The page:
Current modeling in New Hampshire has Ben Carson drawing about 6% and Undecided drawing about 6%. Let’s work under the assumption that Cruz wins Iowa and gets a little bump from that win (Carson drops out, etc.) and gets something in the vicinity of 10%. A safe assumption then, is that Trump will be hovering at 25-30%, Cruz will be around 20-25% and then Jeb-Marco-John-Chris will all be within 3% of each other at ~10%. If that model holds through election day, not only will no establishment candidate win New Hampshire, but 3 of the top 4 establishment options won’t even finish in the top three.
So, if you’re an establishment person, what’s your solution? Well, the ones I’ve talked to just tell me, with a wry smile and a wink “don’t believe the polls.” To which I nod thoughtfully and then proceed to look at the numbers.
Frankly, Jeb Bush and John Kasich should drop out of the race for the White House (there, I said it) as soon as is practicable. Kasich as a decent shot at getting on Rubio’s shortlist for Vice President so it wouldn’t be a bad career move for him to shove his 10% towards the establishment choice in New Hampshire then gracefully pull a Scott Walker and encourage his fellow candidates to clear the field with him. Jeb’s campaign has been a disaster for months. It’s time for him to get out of the race. His national numbers show no sign of life and his 10% is best used elsewhere in New Hampshire.
With both Jeb and Kasich out of the race, the numbers look far more interesting. The “establishment fight” between Christie and Rubio will be taking place around 20% instead of around 10% (I’m trying to be realistic, I can’t imagine Christie getting the Union Leader endorsement then dropping out, even if it is in the interest of Party unity).
Even a second, third, or fourth place finish with 20% is not a campaign-shatteringly bad New Hampshire and the right political spin could actually get some play on Super Tuesday. A fourth or fifth place finish in New Hampshire, especially for a candidate like Rubio who is showing strong national viability, would be devastating at 10%.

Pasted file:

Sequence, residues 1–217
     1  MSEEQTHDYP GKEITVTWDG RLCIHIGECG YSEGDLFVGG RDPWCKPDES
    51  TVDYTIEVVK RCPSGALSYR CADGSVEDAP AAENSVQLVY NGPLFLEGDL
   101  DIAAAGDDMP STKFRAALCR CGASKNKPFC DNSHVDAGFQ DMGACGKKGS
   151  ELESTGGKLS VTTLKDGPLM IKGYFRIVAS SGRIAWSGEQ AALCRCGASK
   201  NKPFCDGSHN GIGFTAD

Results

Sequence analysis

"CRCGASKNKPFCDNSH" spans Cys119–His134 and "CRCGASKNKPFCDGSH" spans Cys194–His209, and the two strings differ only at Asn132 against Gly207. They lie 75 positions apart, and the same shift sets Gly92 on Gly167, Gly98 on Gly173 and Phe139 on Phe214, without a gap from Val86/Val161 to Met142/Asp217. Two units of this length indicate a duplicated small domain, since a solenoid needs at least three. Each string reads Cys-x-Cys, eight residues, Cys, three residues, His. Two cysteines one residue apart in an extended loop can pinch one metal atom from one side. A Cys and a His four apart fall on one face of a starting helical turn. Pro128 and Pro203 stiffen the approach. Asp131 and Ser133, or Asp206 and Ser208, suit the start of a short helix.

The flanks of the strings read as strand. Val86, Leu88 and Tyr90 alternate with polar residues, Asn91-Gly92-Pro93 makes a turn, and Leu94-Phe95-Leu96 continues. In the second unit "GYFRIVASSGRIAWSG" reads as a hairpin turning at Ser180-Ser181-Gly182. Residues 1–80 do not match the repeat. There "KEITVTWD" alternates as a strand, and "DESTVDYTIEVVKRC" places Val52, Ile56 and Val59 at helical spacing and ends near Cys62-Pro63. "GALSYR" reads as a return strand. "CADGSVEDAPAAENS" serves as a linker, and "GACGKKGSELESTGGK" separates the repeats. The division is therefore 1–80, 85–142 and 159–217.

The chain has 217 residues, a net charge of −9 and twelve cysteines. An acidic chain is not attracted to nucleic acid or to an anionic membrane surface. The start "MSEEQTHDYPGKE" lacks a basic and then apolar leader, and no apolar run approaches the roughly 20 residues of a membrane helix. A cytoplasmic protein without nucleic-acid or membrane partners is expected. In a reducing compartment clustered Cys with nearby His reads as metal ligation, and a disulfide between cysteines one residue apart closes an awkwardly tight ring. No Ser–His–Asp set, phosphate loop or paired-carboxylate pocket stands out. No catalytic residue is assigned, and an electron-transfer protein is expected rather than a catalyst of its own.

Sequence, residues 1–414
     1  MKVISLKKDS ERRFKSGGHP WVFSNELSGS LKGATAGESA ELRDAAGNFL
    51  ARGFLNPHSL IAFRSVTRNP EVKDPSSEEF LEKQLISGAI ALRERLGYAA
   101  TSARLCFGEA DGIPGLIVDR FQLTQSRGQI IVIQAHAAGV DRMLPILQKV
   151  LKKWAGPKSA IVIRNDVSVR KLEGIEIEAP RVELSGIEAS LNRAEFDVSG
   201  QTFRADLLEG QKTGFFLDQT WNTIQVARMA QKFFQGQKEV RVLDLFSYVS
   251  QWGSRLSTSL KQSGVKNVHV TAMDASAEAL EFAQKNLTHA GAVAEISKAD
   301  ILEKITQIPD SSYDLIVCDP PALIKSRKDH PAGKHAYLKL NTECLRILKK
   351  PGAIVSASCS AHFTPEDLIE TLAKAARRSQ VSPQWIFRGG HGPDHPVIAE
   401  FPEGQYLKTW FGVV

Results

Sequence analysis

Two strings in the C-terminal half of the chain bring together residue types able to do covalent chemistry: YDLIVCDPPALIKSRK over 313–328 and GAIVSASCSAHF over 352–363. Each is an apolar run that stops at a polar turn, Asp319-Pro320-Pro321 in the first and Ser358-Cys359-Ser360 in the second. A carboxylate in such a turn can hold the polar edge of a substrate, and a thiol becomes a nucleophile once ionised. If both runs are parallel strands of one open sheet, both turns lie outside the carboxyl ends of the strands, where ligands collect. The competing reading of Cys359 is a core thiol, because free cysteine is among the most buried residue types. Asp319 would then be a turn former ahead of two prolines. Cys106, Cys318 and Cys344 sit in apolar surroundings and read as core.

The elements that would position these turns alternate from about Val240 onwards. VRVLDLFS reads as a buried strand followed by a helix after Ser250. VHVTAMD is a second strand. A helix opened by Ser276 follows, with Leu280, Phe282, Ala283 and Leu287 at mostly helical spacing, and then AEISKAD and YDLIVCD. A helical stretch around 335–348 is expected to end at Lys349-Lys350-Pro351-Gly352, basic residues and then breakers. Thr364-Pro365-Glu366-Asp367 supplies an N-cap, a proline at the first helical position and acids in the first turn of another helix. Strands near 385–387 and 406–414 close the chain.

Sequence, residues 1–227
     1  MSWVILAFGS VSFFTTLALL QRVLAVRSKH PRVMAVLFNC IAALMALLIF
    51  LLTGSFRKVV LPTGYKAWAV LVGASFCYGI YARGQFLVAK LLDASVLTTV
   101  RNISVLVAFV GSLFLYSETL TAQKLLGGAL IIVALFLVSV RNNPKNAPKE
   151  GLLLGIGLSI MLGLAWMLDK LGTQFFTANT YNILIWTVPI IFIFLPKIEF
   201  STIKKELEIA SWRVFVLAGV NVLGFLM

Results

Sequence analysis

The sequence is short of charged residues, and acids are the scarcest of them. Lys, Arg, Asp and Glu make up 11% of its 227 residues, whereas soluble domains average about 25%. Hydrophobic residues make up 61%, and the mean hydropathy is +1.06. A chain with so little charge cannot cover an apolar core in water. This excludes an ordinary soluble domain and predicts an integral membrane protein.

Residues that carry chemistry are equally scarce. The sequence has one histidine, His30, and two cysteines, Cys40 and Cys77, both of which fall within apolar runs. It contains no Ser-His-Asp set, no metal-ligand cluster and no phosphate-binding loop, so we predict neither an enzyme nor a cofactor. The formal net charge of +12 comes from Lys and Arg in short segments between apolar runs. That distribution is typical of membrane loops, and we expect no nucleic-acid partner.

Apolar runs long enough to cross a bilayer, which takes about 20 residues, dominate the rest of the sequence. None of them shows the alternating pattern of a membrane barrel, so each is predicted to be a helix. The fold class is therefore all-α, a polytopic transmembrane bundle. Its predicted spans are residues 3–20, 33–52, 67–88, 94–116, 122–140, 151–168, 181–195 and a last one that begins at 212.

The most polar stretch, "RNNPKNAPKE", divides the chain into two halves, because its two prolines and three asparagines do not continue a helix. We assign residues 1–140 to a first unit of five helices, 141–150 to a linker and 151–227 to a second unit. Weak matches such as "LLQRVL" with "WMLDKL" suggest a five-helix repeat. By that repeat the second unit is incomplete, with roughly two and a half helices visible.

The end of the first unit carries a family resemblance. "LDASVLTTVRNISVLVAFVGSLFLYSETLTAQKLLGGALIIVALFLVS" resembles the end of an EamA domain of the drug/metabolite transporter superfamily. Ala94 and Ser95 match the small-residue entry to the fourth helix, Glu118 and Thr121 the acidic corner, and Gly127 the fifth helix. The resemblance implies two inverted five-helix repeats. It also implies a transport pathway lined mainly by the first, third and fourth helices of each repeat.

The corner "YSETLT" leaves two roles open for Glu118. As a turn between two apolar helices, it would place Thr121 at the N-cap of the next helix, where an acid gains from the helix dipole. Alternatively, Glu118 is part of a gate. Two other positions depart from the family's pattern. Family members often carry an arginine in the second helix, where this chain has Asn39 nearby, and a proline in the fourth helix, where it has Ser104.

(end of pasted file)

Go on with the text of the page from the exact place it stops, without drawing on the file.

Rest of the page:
So, why won’t the campaigns get together and make this happen? Probably something to do with ego and the goal of the Presidency. Beating out the other establishment candidates, even if it means losing to Trump in New Hampshire means that the “establishment winner” will try to form a coalition among the moderate-establishment wing of the Party to be the alternative to the Trump-Cruz insurgency. Because each of the men (Rubio, Bush, Kasich, and Christie) are in a statistical dead-heat in New Hampshire and they realize that a good day in New Hampshire could mean their besting the other establishment candidates, none of them are deciding to fall on proverbial swords for the interest of being anti-Trump.
Could this entire characterization change within the next 40 days? Of course. With three debates and fundraising disclosures pending, there is a lot that could tip the balance of power in the GOP race. However, when you have four candidates vying for 40% of the vote and all starting at 10%, it would require quite a bit of shifting to make the math work where one of them can get over 30%.
Disclaimer: Matt McDaniel, the author of this piece is a candidate for the First District City Council Seat in Baltimore City. This article does not touch or concern Mr. McDaniel’s race, but in the interest of disclosure, Mr. McDaniel has made no endorsements of any candidates and has received no money or funding from any of the candidates in this article. Any policy statements made herein are not made in furtherance of his campaign. His campaign website can be found here.